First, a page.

Don Tyson School of Innovation senior Michael Arriola said he’s been taking video production classes since he was a freshman. He’s also participated in OMAF the last three years and currently works as a district communications intern.

“I am taking Av Tech LAB, which is the highest class for video production,” Arriola said, of his current class load.

He said he likes to put his perspective into his assignments to allow the viewer to see a film in a different way.

The skills Arriola learned through Springdale production classes and real-world, multimedia competitions such as OMAF helped him build the production skills necessary to work in a professional environment, Jones said.

“It does help me for the future since I will be most likely with a team and there will be a deadline,” Arriola said. “I love working with a team and doing pre-production all the way to post in four hours.”

The 17-year-old said he’s still exploring his options following high school but he’s considering making advertisements, event recaps, movies or documentaries and has competed and won in some similar OMAF competitions.

Bayleigh Jones, a Springdale High School Education Accelerated by Service and Technology facilitator, has participated in or supported OMAF about nine times. She said the festival gives students a glimpse of real-world multimedia career expectations.

“There is pressure to tell stories on the fly and in a short period of time,” she said. “Having to shoot, edit and produce a product in a short amount of time is great practice for a professional media environment.”

The educator said OMAF offsets what students are learning in the classroom.

“It really makes things relevant for some of the technology my students use in my classroom,” Bayleigh Jones said. “They are able to use what they have learned in EAST and create meaningful work."

Plugging in

The community is taking notice of the multimedia skills Springdale students are developing, said Dan RobinsonFayetteville Film Fest technical director.

“We've had the opportunity to have Springdale students involved with the festival,” he said, adding the district's students gained his attention in 2019 by developing the entire media package for the Bentonville Film Festival.

The Bentonville Film Festival will celebrate its 10th anniversary June 10-16 and amplifies storytellers who identify as female, non-binary, LGBTQIA+, Black Indigenous or people of color and people with disabilities in entertainment and media, according to the festival’s website.

“We've been able to engage them in professional ways, not to mention screening the things that they make,” Robinson said of Springdale students.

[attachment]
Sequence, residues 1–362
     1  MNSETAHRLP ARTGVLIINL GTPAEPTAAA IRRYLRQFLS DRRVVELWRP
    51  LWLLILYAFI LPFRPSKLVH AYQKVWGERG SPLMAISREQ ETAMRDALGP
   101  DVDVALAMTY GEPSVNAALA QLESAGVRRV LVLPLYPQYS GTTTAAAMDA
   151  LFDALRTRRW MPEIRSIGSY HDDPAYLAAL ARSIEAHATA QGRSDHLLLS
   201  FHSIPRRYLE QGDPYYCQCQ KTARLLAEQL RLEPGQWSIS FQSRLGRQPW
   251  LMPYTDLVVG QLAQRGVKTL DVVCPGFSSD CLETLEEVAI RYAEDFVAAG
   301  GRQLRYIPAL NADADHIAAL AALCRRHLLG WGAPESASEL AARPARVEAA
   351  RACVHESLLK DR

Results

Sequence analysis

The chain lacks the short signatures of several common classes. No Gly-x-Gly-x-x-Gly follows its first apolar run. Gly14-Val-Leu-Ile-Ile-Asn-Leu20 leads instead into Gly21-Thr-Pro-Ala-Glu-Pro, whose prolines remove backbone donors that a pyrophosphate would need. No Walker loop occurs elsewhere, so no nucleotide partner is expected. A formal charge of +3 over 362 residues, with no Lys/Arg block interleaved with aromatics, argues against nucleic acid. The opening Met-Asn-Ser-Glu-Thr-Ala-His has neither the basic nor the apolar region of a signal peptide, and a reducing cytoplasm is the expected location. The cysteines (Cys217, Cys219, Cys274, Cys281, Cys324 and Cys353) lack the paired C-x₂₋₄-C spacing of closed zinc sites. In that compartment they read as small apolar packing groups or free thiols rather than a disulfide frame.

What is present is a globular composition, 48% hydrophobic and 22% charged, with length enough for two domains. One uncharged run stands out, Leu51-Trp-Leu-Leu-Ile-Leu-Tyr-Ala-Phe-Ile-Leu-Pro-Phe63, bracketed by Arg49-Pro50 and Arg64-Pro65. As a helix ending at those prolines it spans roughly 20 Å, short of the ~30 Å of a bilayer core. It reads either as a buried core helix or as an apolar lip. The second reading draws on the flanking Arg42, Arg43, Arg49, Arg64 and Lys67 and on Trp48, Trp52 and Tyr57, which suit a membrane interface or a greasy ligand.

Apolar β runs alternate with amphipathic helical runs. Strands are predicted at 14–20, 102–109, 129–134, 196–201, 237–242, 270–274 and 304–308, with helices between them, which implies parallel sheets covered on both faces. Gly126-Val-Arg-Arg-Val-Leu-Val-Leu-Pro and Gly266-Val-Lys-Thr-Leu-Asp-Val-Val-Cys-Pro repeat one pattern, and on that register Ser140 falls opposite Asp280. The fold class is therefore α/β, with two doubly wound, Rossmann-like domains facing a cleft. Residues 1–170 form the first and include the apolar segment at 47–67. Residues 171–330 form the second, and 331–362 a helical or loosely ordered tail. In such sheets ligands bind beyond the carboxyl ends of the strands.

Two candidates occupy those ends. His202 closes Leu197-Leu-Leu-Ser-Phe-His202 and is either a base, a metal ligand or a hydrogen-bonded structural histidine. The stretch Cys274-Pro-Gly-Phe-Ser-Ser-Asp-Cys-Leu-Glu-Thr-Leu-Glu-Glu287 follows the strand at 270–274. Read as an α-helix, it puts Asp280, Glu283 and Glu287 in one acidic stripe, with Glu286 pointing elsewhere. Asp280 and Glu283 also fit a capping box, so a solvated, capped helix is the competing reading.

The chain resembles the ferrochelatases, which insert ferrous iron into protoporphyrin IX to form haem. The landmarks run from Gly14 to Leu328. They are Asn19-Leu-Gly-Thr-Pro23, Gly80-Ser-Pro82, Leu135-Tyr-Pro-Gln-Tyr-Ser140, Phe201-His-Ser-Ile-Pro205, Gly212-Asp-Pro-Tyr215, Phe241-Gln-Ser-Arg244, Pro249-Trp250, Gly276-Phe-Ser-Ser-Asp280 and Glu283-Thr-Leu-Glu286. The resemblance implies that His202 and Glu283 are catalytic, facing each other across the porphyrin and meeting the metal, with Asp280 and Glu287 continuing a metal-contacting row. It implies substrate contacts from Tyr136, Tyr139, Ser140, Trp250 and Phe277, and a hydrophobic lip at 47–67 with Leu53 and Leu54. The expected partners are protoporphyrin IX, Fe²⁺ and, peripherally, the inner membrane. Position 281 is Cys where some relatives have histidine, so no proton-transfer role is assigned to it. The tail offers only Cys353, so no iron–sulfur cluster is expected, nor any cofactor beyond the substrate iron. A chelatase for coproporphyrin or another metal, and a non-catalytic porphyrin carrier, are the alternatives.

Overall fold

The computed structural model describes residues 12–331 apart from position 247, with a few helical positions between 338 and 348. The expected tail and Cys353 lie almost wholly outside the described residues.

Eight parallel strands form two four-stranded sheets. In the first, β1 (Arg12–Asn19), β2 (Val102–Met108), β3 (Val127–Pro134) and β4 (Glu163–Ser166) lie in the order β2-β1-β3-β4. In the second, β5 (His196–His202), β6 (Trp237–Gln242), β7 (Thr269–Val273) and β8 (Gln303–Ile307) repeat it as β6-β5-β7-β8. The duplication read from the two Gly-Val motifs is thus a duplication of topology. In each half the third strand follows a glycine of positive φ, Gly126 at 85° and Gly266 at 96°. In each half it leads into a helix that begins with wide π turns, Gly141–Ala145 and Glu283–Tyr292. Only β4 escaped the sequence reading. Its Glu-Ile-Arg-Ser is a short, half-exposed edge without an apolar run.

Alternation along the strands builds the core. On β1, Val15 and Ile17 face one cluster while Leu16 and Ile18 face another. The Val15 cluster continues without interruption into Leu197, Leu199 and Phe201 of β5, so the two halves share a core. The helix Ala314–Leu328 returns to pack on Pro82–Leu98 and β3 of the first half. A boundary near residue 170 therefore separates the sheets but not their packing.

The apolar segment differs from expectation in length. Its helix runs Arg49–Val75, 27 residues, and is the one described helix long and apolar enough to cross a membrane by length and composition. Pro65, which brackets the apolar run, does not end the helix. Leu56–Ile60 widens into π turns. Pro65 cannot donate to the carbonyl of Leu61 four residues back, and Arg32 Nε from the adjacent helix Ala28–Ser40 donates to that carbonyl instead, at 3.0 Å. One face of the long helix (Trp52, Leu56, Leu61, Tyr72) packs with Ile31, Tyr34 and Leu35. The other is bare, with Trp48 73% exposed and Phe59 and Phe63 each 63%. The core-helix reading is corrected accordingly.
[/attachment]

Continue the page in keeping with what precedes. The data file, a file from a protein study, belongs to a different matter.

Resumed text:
The district students who’ve worked with the Fayetteville festival grasp the significance of their contributions in the areas of graphic design, social media management, photography, videography, creating news packages and drone operations, he said.

“They understand the ethos,” Robinson said. “When they come in, they know what it's like to interact with adults. They understand the expectations and the level of professionalism that's needed.”

District Responsibilities

Students are confident in their abilities because Springdale has helped youth grow from students to professionals who can meet the needs of Springdale’s growing creative workforce, Robinson said.

“They're going to be the backbone of what's happening,” he said. “We have got to have qualified crew members, we've got to have qualified people who understand specialties.”

District’s have a responsibility to help students develop marketable skills that meet the region’s workforce needs, he said.

“I do think Springdale Schools is a leader in this area of growing the creative economy -- teaching students that there is a creative economy and how to go after it,” Robinson said.

The district wants students to understand the skills they're learning are important and relevant, Trent Jones said.

“They can be skills that they can carry into meaningful and purposeful careers, where they can raise families and live in a Northwest Arkansas community they don't have to move away from,” he said. “The first step in the journey is public schools.”

Springdale Public Schools is the largest and most diverse school district in Arkansas with 31 pre-K, elementary, middle, junior and high schools supporting about 23,000 and some 2,000 staff members.